It’s no wonder that chip manufacturers’ data sheets are full of errata lists, which describe deviations from the specification. So, why continue to ship? Because the redesign time, effort, and cost required to fix all errors can result in missing the market window. As long as the device functions acceptably in the application socket – with or without workarounds – the manufacturer and customer can live with the defects.
The foregoing issues are problematic enough in the case of one chip design. Now, just imagine the challenges faced by an auto manufacturer. The end-product is a vehicle with scores of such complex devices (see figure 2) – each with its own errata sheet. In bringing up a new vehicle design for production, a huge number of mismatches arise and must be resolved. A statistical overview by a leading European car manufacturer showed 11.000 issues – both large and small – to be resolved when assembling the modules together for the first time. And electronics is one of the foremost pain points.
Figure 2: The number and variety of integrated circuits in a modern automobile
So, now the chip goes into general deployment, and clocks up a significant number of operational hours. Then, suddenly, after months, single modules start to fail sporadically. After a couple of weeks of fruitless investigation by the module designers, the problem is assumed to be a chip problem. But comparison of the failed chip with a properly functioning chip yields no further information, so the failure is passed to the semiconductor provider. After extensive tests using tighter test conditions, all too often the answer comes back: “no failure found.”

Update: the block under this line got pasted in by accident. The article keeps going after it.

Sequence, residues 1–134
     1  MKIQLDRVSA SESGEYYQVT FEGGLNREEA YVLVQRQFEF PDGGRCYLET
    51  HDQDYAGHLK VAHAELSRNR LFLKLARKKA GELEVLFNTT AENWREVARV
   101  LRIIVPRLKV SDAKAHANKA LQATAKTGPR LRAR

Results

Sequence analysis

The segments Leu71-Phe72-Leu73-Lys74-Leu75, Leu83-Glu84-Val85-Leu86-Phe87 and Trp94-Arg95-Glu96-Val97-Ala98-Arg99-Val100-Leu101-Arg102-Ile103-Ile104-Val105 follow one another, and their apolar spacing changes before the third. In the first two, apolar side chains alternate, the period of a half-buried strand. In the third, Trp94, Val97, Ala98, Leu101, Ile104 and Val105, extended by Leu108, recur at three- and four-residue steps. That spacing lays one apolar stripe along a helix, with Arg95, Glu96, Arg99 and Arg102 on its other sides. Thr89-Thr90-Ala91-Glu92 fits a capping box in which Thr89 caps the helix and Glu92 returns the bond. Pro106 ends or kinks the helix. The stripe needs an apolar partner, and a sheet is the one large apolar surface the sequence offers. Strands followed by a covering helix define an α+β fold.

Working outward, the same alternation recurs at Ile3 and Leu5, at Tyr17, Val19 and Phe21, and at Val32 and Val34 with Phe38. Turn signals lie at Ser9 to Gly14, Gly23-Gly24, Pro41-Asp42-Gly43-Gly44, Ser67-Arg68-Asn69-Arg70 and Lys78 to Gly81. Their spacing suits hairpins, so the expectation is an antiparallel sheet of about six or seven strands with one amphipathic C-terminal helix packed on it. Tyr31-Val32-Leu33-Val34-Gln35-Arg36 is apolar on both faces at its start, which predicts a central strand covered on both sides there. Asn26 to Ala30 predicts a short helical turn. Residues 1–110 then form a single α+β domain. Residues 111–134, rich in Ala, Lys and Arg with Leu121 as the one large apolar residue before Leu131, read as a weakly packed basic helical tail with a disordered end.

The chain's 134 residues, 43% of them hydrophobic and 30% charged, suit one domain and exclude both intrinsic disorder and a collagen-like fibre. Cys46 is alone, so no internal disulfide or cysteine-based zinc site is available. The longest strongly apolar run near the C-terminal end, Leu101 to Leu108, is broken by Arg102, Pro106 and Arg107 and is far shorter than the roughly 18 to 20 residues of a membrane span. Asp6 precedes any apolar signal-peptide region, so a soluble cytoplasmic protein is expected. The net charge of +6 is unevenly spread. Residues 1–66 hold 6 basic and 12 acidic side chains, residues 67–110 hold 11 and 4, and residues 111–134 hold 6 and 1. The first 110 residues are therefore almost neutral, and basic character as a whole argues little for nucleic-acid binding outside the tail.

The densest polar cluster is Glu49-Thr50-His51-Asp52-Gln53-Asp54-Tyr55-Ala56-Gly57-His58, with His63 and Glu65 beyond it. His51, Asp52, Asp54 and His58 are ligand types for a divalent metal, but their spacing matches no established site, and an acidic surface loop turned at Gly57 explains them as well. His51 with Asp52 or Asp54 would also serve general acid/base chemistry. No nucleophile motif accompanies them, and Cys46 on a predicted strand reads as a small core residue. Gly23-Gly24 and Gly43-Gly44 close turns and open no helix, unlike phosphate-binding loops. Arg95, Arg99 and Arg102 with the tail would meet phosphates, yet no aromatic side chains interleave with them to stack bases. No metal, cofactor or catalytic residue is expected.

The number and frequency of such cases has been increasing inexorably over the past years. The problem is that a device test can ensure that a circuit fulfills its specified functions, but typically cannot uncover intricate, rarely-occurring malfunctions caused by design errors. The only way to do this is to have 100 percent verification of the design – a comprehensive verification that ensures that there are no verification holes.
Where is that bug hiding?
We must take a tip from Sherlock Holmes: When one has eliminated all logical explanations, then the illogical explanation – even if apparently impossible – is correct. So, we must ask ourselves: what have we ignored or simply failed to anticipate in the verification? It is clear that our “comprehensive” simulations are not good enough. Our design is not perfect.
We must also cope with another misapprehension: the belief that a failure that seldom occurs cannot have a systematic cause. What about a bug that is buried so deep in a complex circuit, that it is rarely activated? When the bug is triggered by a meaningless, unknown, or unintended condition? What about a condition that occurs only when it rains, the passenger door is open, the left-side indicator is blinking and the brakes are applied? But this is surely an arbitrary example – normally, deep bugs don’t occur under such simply-described conditions!
The deeper the bug is embedded in the complexity, the lower the probability of finding it. A truly comprehensive simulation and analysis using established methods would soon exceed the lifetime of the product. Even parallel processing of the design simulation – using as many engineers as there are available – often cannot find the elusive bugs in an acceptable time.
Even more difficult is a complex digital circuit surrounded by a world full of analog components, whether on the same chip or externally in the application (see figure 3). Such mixed-signal designs are used extensively in automotive applications because the digital processing domain must work with the outside world, which is analog.
Figure 3: The world is analog – even for digital chips
In practice, the bug-fixing dilemma is even greater. Even when the bug has been found, and one knows what to modify in order to remove it, there is still a long supply chain to the end user. Who dares to risk replacing the old chip with the new? After all, the debugged design can contain new errors. Often, there is no alternative but to live with the original bug, and work around it, rather than to jeopardize the established supply chain. The effort required to re-qualify the fixed design throughout the chain is often out of all proportion to the benefit derived.